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A Counter-Viewpoint

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This article comments on “Croquet Dress,” by James Charlton and Wm. Thompson.

Let us pick up where Messrs Charlton and Thompson have left off, and backtrack from there. In regard to weather, a croquet player of any mettle whatsoever will not be stopped or encumbered by the forces of nature. The conditions of play are to be met and overcome just like the other players on the course. For this type of play, certain preparations and equipment are necessary.

Outfit yourself with the proper gear for rainy and muddy play. Take an umbrella. Rubber overshoes are practical and save an otherwise fine pair of footwear from being ruined by water. As for the shoes themselves, any comfortable pair of well-oiled leather shoes will serve you well on the course. Take care to break your shoes in, as you’ll be spending all day on your feet during lengthy games. A sweater over your shirt should accommodate you in the chilly weather, and it protects your shirt from the invariably airborne soil. Note that your pants will be the second casualty to the mud, after your shoes.

Our favourite sport’s time-honoured tradition of “croquet whites” has never been less appropriate. Gentlemen traipsing through cranberry bogs on their way to the next wicket are not interested in spending the prize purse on a new pair of bleached trousers. Wear dark colours that can absorb stains, but at all times mind that you look presentable. The exception to overland croquet’s ban on white is the shirt, which will contrast sharply with the colours of the rest of the outfit. Concerning colour, a wicketer can choose to wear “hots” or “cools” depending on which colour balls he is playing. Family or team colours (Blues v. Reds) are also appropriate.

Headgear is recommended for certain courses or situations. Most uphill wicketers can well use a light helmet. If a play arises that will involve simultaneous malleting through a narrow passage, prudent players will choose to wear headgear. No official helmet has been designed for overland croquet, but the leather ones used by early twentieth-century American footballers seem to work fine.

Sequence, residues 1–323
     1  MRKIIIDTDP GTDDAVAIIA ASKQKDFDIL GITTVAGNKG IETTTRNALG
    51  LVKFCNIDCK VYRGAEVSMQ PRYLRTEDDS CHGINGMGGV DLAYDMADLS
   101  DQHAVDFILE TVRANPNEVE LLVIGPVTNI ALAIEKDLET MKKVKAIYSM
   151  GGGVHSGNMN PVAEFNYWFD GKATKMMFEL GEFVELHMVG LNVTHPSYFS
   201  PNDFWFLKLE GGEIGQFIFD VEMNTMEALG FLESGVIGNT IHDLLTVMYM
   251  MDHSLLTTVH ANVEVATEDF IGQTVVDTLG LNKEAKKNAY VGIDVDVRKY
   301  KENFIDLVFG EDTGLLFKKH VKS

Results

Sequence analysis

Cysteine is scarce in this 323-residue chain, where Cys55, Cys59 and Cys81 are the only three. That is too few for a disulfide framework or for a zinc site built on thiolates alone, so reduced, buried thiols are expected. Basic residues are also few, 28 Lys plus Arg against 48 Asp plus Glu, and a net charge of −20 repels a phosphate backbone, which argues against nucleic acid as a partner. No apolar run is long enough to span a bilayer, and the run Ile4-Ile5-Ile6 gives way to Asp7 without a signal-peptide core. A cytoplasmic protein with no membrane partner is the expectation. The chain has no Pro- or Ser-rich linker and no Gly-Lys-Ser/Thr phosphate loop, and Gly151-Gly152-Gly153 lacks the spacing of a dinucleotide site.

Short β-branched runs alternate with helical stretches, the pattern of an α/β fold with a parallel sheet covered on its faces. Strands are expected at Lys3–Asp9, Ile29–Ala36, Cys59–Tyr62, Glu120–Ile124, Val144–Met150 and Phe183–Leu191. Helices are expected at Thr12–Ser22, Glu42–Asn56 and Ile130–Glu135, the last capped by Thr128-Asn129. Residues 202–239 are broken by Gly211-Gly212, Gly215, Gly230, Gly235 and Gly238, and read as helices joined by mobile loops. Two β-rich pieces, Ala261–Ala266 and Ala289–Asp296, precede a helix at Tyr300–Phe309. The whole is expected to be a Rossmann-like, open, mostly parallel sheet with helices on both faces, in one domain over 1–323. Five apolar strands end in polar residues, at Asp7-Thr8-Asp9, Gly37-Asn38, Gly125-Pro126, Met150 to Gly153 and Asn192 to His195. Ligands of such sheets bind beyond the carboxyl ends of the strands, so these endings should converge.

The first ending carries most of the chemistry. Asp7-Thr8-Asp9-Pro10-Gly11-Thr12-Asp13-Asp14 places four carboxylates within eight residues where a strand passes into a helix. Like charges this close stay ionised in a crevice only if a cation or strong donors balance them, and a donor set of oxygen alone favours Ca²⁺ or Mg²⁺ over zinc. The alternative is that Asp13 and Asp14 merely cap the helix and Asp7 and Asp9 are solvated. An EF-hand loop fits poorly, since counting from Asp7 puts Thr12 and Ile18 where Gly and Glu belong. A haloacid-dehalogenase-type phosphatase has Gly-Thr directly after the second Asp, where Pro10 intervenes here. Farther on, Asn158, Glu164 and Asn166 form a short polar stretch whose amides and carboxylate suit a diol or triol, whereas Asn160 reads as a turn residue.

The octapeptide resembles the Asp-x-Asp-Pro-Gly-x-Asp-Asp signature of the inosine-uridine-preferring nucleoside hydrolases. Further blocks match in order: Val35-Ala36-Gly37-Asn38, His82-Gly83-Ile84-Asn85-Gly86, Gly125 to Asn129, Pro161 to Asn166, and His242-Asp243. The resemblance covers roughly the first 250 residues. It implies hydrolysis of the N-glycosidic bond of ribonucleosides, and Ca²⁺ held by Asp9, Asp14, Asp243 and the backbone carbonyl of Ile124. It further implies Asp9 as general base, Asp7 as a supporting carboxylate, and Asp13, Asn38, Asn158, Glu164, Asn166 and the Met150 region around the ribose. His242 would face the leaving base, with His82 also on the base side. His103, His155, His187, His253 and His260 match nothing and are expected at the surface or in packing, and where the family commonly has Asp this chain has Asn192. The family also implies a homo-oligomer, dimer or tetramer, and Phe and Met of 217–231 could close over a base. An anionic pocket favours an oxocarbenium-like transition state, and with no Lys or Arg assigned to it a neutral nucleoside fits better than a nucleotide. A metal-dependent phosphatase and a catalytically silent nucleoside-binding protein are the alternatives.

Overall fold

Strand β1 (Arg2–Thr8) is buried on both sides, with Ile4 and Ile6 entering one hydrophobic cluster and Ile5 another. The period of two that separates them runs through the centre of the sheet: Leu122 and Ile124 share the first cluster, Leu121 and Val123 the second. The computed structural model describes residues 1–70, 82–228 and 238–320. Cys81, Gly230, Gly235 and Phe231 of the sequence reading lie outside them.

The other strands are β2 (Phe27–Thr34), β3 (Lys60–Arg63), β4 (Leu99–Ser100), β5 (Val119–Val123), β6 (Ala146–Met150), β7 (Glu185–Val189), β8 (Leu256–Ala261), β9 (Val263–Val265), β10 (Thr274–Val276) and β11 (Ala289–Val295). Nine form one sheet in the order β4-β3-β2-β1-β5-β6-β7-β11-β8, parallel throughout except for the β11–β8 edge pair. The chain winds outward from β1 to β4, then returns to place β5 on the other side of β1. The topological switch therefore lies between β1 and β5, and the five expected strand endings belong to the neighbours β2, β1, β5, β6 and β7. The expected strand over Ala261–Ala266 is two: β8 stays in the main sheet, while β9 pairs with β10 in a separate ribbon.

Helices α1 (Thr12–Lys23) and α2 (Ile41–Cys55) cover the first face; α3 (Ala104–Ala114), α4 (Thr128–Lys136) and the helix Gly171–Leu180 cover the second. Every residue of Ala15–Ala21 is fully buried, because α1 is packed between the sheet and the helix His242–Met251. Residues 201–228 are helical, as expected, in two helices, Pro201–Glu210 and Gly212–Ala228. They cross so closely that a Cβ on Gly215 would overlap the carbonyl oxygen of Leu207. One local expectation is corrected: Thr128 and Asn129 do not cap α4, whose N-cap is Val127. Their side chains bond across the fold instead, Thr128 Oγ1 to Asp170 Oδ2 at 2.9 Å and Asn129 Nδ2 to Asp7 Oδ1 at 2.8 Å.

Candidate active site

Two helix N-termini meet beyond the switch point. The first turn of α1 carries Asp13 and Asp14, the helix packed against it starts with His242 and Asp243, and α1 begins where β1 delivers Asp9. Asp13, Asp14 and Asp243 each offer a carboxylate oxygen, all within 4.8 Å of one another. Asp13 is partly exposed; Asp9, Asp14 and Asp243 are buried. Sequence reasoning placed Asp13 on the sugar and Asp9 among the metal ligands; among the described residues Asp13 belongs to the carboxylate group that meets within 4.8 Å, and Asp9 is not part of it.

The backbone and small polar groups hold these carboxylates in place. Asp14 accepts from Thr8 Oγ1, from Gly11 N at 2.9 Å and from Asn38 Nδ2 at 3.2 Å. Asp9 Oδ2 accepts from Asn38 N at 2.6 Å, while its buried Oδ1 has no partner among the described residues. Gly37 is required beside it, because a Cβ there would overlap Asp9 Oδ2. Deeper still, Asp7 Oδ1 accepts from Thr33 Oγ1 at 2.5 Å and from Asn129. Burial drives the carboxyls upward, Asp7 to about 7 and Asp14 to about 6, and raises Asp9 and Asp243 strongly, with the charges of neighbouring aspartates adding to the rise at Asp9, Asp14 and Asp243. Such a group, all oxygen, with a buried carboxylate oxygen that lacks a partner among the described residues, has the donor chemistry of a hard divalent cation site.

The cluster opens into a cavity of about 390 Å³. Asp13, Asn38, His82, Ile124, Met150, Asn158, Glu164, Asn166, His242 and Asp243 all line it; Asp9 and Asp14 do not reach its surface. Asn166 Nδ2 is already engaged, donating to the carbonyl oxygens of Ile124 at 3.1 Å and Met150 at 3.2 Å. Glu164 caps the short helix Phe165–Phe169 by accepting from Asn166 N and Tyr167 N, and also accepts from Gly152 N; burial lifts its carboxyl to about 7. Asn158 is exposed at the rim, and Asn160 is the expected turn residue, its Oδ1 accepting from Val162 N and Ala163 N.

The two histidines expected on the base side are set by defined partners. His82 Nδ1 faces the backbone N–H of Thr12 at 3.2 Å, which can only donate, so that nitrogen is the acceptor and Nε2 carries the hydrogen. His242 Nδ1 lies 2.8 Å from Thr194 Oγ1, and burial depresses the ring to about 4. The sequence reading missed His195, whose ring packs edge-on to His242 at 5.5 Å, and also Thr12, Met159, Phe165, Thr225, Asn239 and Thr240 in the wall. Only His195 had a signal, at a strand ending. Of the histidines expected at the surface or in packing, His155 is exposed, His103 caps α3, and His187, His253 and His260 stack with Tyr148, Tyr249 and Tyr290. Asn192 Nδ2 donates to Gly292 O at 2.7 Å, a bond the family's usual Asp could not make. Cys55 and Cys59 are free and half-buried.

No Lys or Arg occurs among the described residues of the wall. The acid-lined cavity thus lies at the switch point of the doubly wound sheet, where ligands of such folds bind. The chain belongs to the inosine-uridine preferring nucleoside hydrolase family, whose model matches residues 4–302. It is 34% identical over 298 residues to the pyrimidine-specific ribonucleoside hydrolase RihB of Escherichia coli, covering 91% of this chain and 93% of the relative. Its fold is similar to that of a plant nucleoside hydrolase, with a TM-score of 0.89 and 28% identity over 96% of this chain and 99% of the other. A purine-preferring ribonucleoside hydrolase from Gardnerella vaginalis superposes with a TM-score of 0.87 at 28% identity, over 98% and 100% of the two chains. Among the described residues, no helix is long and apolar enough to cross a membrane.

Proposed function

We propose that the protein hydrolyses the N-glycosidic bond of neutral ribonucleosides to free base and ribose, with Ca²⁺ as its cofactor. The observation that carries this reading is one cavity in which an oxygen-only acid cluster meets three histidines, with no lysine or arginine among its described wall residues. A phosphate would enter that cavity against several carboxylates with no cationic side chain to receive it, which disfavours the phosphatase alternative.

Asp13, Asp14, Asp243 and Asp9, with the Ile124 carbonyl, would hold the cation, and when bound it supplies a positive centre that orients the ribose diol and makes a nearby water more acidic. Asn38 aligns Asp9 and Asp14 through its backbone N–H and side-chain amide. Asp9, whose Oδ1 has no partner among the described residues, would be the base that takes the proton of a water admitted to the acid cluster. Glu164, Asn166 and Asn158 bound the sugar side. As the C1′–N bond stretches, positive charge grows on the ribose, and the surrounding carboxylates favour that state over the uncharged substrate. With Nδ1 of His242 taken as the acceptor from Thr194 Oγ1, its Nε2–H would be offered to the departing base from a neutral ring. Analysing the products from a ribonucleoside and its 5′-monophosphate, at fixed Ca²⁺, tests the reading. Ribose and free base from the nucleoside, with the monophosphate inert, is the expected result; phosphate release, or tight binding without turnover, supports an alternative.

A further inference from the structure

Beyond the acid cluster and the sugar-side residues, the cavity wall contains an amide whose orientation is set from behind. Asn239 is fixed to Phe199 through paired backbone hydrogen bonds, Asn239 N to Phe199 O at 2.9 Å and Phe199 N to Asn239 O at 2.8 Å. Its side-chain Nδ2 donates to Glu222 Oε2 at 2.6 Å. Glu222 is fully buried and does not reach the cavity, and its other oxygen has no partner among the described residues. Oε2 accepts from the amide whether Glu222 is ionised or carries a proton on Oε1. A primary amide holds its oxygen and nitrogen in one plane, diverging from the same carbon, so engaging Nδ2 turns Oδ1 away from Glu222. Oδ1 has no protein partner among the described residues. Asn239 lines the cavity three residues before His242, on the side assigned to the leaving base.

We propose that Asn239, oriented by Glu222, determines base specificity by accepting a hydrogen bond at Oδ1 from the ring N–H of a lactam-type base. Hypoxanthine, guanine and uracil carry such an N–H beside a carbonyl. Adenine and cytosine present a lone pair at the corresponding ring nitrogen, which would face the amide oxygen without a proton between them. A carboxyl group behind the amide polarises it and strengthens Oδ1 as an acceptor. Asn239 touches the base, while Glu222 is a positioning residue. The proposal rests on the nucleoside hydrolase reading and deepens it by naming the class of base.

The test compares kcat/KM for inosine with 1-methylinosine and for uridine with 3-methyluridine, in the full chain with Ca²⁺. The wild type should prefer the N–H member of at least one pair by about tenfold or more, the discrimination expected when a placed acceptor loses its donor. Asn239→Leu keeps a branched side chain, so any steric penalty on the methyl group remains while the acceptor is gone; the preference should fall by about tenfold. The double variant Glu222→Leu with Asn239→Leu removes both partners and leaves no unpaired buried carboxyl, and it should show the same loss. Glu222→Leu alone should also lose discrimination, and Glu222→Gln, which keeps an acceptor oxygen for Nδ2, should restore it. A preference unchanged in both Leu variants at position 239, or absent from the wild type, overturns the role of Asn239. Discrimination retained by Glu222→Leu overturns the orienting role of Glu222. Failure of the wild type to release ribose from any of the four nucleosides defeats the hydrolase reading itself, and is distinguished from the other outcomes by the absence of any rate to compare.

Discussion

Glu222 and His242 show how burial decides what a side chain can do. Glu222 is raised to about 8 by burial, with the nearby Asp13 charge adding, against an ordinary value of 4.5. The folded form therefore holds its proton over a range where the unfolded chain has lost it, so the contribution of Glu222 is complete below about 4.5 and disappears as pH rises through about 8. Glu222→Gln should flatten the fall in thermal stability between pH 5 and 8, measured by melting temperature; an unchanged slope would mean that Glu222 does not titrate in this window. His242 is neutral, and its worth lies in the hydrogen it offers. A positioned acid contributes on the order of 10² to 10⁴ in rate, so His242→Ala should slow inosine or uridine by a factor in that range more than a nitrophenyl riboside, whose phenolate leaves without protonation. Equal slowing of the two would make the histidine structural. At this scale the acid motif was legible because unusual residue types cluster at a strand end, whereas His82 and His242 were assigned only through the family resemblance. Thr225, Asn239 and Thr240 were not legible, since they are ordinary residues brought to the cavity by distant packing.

Some auxiliary items are peculiar to overland croquet, and should be acquired. The hip flask is an indispensable article for the overland player, not only for its portability but also its individuality. Snug in a pocket, the hip flask provides convenient access to refreshment wherever the player happens to be on the course, eliminating the need for the pesky drink tables common to small course games.

The obvious alternative to the hip flask is the “water boy,” who follows the player with a host of beverages. Water boys are an essential extravagance for the overly rich, but are inferior in practicality compared to the hip flask. The water boy’s array of refreshments is outweighed by the flask’s convenience. The hip flask will never hand you the wrong drink, and, unless you lose your trousers, is constantly by your side. I can’t say that about most water boys, who often fall behind somewhere around the thirty-second wicket. Better to position a water boy at every sixth or seventh station, where he will be ready and able to give your flask a fresh start.

Monogramming also goes over a lot easier with the metal flask. The last attempt to monogram a water boy was made in 1937, and met with disastrous results.

Because of the sport’s long range, overland croquet requires a greater battery of equipment than the garden or club varieties. Mallets can break or get lost in the underbrush after a particularly violent swing or throw. To accommodate the extra haulage, the overland pack was invented around the turn of the century by Richard Cogney. Its compartments hold an extra pair of mallets and balls, a handful of wicket clips, basic land navigation tools and an extra shirt. Change into this spare shirt as you play the last few hoops; you’ll feel refreshed and will finish the course looking splendid. In addition, another space in the pack is large enough to hold a small bottle of Scotch and the latest issue of Harper’s. Overland packs vary in weight according to the material from which they are wrought, with choices ranging from wicker to leather. In team play the packs may be disposed of if each team agrees to leave a reserve of supplies at stations along the course.

Croquet Dress, by James Charlton
and Wm. Thompson

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